I’ve been asked by the authors of this statement by the Coordinating Council for Women Historians at the American Historical Association to republish their response to the #StanfordSausageFest published yesterday at History News Network. The authors link the specter of a return to “history’s dark age as a gentlemen’s protection society” to recent consciousness-raising efforts to address sexual harassment and assault in academia and in the wider world. Read on, and scroll all the way down for a brief note on my lengthy absence from this space.
by Sasha Turner, Barbara Molony, and Sandra Dawson
In December 1969, a group of historians organized the Coordinating Committee of Women Historians in the Profession, which, in 1995, joined forces with the Conference Group of Women’s History to become the Coordinating Council for Women in History (CCWH). Both organizations arose from divergent, but overlapping goals to support women students and faculty and to secure greater inclusion of women in the research and teaching of history. At the time of these organizations’ founding, the American Historical Association (AHA) and the history profession in general were deemed “a gentlemen’s protection society… openly supporting practices of sexism, racism, classism, heterosexism, and anti-Semitism.” With a woman historian and a scholar of women’s history now at the helm of the AHA (Mary Beth Norton), and more broadly, the addition of women historians and women and gender history to departments and curricula across the country, few would dispute that the AHA and the history profession have become more inclusive.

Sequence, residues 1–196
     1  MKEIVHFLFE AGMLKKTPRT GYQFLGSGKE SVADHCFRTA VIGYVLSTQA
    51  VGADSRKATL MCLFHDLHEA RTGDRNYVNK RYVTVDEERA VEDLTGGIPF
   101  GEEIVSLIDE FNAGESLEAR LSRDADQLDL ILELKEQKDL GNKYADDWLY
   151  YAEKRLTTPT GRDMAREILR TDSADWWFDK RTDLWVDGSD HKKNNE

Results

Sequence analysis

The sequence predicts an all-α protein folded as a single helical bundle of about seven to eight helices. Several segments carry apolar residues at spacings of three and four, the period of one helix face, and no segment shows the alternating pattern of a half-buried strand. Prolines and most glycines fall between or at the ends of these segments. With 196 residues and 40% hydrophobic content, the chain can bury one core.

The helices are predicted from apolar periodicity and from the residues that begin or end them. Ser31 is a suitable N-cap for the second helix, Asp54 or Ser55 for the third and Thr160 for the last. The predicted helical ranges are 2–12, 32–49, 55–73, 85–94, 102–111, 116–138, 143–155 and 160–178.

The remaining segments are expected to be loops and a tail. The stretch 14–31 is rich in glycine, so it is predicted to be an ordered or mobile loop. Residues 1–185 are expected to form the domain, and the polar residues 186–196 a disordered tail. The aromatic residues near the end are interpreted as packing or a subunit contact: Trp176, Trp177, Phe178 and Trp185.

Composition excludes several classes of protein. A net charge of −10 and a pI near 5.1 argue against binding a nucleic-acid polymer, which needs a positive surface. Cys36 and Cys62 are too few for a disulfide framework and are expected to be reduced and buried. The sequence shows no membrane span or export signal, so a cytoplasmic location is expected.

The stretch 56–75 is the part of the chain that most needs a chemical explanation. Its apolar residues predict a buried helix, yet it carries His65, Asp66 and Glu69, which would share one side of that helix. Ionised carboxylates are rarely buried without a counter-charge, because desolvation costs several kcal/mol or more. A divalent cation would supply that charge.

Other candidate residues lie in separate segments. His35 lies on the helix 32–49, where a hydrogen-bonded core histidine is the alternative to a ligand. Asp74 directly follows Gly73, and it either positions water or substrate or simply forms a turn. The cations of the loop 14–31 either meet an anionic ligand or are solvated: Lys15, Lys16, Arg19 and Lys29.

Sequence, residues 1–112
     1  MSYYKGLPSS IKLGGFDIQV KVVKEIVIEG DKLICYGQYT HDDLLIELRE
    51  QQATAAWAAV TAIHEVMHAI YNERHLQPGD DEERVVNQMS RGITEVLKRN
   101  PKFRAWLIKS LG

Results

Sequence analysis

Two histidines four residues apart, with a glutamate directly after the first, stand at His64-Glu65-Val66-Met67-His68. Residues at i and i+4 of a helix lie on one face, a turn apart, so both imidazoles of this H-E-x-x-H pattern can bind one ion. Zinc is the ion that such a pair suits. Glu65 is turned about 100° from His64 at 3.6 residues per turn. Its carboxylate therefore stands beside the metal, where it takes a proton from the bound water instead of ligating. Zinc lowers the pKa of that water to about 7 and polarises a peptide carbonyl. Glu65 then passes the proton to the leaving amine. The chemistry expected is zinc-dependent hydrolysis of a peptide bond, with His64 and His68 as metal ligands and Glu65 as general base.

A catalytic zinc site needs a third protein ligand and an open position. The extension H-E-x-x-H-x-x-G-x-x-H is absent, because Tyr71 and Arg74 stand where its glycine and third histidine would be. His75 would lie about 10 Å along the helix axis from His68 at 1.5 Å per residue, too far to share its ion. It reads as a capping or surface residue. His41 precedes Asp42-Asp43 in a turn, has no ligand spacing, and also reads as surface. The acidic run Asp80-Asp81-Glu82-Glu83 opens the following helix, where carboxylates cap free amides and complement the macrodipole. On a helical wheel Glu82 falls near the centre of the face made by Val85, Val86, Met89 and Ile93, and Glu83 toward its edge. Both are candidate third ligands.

Yet, the recent all white male history conference held at the Hoover Institution, Stanford University seems to suggest a return to history’s dark age as a gentlemen’s protection society. Happily, the strong and growing presence of and disciplinary focus on women in history as well as the sharp criticism and condemnation (and rightly so) of the exclusive conference make clear that a return to great white men history and historians is a fantasy. Even so, the holding of this conference and others of its kind reflect the ongoing challenges women historians and women history face.
Conference organizer and senior Fellow at the Hoover Institution Niall Ferguson defended that the exclusion of women was not deliberate and that the women invited to participate in the panel had declined to do so. Yet, it seems that the lack of diversity stemmed less from packed schedules to a deliberate omission. One is hard pressed not to view the conference Ferguson organized through the lens of his acceptance speech for the 2016 Philip Merrill Award for Outstanding Contribution to Liberal Arts Education. While admitting that various social and economic reasons account for the decline in history in the last several decades, Ferguson argued that the changing content of history is the “best explanation.” Continue reading